Friday, November 23, 2007

Ten Commonly Missed Tax Deductions For Businesses

There is nothing worse than preparing Income Taxes and finding that there were many deductions we didn't keep track of. Not keeping track of deductions can be very costly come tax time. It is very important to keep good records all year round.

For every dollar you don't deduct, you could be paying up to 35% back to Uncle Sam. If the dollar has been spent, taxes shouldn't have to be paid on it. Think of the productivity of your business if you could put 35% of your income back into your business rather than in the hands of politicians. What kind of advertising campaign could you do with 35% extra cash flow every month. With a little organization and planning this can be possible.

Most business owners remember to take the big obvious deductions such as cost of goods sold, materials, tools, supplies, and employee expenses. But often times it is the small seemingly insignificant deductions that can make or break a company. Lone Peak Business Solutions has the 10 most commonly missed business deductions.
  1. Advertising - Business cards, newspaper ads, information packets you hand out, free samples, flyers, product testing, videos and CD's.

  2. Children - Money paid to children for helping with such things as delivering flyers, product, stuffing envelopes, cleaning office and car, etc.

  3. Dues and Subscriptions - Dues to professional organizations and magazines that have to do with your trade or business.

  4. Educational Expense - Classes or seminars that you take to improve your business.

  5. Gifts - Gifts to clients and associates.

  6. Laundry and Cleaning - This includes uniforms and Protective clothing and also your clothing when you are out of town.

  7. Travel - Hotels, airfare, cab fare, parking, cleaning while away from home, trip log.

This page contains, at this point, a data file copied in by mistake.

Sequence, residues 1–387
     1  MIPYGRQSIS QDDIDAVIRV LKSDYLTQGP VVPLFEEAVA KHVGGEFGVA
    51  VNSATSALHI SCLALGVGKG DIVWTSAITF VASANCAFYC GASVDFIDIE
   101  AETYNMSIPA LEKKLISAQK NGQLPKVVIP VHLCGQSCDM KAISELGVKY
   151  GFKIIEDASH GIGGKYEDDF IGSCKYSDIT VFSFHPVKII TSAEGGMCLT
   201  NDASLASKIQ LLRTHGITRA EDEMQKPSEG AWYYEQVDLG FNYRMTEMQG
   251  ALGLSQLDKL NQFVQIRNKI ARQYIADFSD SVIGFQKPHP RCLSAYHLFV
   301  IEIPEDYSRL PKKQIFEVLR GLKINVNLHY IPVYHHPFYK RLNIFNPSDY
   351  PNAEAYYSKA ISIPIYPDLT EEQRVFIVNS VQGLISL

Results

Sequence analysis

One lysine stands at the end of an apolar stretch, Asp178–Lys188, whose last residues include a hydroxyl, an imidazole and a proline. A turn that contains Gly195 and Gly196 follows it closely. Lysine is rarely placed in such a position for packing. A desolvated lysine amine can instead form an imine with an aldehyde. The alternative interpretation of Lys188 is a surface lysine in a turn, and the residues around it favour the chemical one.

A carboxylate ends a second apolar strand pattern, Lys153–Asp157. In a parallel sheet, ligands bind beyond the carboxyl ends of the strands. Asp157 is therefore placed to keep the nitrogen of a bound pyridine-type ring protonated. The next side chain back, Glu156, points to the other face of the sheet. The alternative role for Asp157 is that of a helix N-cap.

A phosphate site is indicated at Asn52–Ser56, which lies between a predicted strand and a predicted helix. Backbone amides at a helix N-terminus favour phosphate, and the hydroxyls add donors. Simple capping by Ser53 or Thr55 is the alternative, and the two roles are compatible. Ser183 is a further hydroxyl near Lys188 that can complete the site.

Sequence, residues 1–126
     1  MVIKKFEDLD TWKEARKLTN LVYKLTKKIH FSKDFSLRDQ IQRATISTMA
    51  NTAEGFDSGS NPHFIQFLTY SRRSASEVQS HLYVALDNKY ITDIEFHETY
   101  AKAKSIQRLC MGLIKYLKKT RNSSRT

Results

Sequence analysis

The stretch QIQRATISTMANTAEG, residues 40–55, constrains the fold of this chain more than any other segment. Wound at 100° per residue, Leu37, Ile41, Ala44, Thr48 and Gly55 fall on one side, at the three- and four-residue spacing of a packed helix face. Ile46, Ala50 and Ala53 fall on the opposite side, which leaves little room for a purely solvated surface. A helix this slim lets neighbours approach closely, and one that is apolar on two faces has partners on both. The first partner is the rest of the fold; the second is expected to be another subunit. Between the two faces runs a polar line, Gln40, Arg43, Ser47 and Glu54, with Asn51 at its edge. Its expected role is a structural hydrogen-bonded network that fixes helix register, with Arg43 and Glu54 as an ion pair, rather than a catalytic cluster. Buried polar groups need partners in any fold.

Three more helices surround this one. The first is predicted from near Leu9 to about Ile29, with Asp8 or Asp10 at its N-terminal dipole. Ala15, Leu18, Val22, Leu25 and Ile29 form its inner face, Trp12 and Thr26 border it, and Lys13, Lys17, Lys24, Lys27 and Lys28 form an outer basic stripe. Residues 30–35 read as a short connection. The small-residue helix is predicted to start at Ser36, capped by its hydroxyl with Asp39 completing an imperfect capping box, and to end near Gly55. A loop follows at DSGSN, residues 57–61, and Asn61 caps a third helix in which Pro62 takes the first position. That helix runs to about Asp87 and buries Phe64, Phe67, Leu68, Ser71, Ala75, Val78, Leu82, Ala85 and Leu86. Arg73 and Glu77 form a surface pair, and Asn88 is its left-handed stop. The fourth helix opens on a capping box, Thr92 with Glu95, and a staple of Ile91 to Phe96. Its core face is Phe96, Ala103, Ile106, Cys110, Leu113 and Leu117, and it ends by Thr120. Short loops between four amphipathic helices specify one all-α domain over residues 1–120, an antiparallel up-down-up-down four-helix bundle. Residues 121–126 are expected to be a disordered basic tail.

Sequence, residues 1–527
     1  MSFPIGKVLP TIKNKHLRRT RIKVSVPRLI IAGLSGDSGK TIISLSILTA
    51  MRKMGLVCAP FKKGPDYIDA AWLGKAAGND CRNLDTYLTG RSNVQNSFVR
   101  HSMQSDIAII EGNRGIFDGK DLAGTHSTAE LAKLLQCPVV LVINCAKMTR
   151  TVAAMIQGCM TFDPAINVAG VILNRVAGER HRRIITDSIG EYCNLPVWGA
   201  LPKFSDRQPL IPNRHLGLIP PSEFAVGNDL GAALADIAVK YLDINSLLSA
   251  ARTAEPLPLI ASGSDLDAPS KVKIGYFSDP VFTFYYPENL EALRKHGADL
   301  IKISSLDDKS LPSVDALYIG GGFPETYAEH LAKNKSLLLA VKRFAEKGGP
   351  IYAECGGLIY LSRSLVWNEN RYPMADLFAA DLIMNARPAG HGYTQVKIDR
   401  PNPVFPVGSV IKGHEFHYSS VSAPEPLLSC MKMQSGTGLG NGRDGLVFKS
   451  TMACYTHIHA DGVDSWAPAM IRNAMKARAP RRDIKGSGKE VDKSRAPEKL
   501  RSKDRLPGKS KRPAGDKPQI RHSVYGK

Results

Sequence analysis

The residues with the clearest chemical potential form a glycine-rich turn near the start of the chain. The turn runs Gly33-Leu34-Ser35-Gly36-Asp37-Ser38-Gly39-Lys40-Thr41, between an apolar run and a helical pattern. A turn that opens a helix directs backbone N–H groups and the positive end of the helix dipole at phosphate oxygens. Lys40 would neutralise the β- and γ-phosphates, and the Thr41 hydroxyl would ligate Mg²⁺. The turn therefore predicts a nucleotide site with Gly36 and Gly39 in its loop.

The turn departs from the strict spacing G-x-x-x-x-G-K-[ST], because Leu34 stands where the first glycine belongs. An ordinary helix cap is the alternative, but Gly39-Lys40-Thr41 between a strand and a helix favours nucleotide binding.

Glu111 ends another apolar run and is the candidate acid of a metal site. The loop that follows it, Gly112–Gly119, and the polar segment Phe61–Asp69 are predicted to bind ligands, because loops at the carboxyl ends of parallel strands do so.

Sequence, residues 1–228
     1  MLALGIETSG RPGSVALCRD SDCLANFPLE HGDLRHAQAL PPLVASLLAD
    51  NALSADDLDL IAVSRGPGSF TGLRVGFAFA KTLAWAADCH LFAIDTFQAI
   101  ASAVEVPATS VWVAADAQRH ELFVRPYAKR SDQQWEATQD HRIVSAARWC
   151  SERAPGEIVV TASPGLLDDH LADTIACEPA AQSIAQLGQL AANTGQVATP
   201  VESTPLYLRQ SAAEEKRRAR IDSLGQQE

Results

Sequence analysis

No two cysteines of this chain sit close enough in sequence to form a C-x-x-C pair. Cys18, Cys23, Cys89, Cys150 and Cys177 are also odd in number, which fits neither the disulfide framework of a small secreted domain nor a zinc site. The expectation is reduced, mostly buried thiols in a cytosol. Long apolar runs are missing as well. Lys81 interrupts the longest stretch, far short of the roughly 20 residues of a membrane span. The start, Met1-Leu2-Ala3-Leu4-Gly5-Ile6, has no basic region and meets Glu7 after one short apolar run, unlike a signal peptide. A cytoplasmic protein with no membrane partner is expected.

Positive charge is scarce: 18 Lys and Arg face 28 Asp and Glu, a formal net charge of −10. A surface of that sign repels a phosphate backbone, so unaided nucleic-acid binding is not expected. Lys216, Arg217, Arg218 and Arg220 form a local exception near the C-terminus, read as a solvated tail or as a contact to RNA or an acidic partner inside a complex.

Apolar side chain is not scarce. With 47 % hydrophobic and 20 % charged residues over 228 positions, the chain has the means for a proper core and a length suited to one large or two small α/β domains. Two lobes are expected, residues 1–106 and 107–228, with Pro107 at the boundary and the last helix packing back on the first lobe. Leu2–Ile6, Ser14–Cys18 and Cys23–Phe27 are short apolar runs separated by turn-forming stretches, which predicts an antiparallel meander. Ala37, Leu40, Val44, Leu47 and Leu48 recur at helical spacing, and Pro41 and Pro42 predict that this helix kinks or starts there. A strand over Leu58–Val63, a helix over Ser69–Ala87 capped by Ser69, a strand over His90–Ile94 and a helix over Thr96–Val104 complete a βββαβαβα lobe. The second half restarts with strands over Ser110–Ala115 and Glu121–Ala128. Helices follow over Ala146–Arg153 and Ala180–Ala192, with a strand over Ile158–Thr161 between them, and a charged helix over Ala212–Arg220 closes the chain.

8. Home Office - A home office must be a separate room in your home to do business and accounting. Part of your living room or bedroom will not count. A percentage of utility Bills, home owners insurance, property tax, mortgage interest, refinance fees, repairs and maintenance, cleaning supplies, office decor, etc. are deductible. You find out the percentage by dividing the square footage of the office by the square footage of the entire house.

  9. Mileage or Vehicle - There are two ways to take a vehicle expense. One is to take the mileage you use when picking up product, supplies, office supplies, meetings, handing out advertising or business cards, meals and entertaining clients, etc. The other way is to take the expense of using the vehicle: fuel, parts, mechanics, oil changes, etc. Along with taking expenses, you can also depreciate the vehicle.

  10. Telephone - Cell phone, long distance calls on home phone, extra phone lines into home for business, fax or Internet.
Items such as paper clips, bank charges, credit card charges and home office expense seem small and unimportant at the time, but multiply those little things over a year or two and then multiply it times 35% and it can add up to quite a bit of money that should be in your pocket rather than in the government's pocket.

Along with keeping track of expenses it is important to evaluate your income and expenses on at least a quarterly basis. This allows you to determine if too much is being spent any one place. It allows you to determine if all the deductions that can be are being claimed. It allows you to determine how to better increase sales and decrease costs.

Christopher Anderson is part owner of Lone Peak Business Solutions, Inc. He wants to share his success as a business owner with others who desire to own their own business. He also believes that the economy is stronger with more business owners, and as a result, he is focused on helping business owners succeed.

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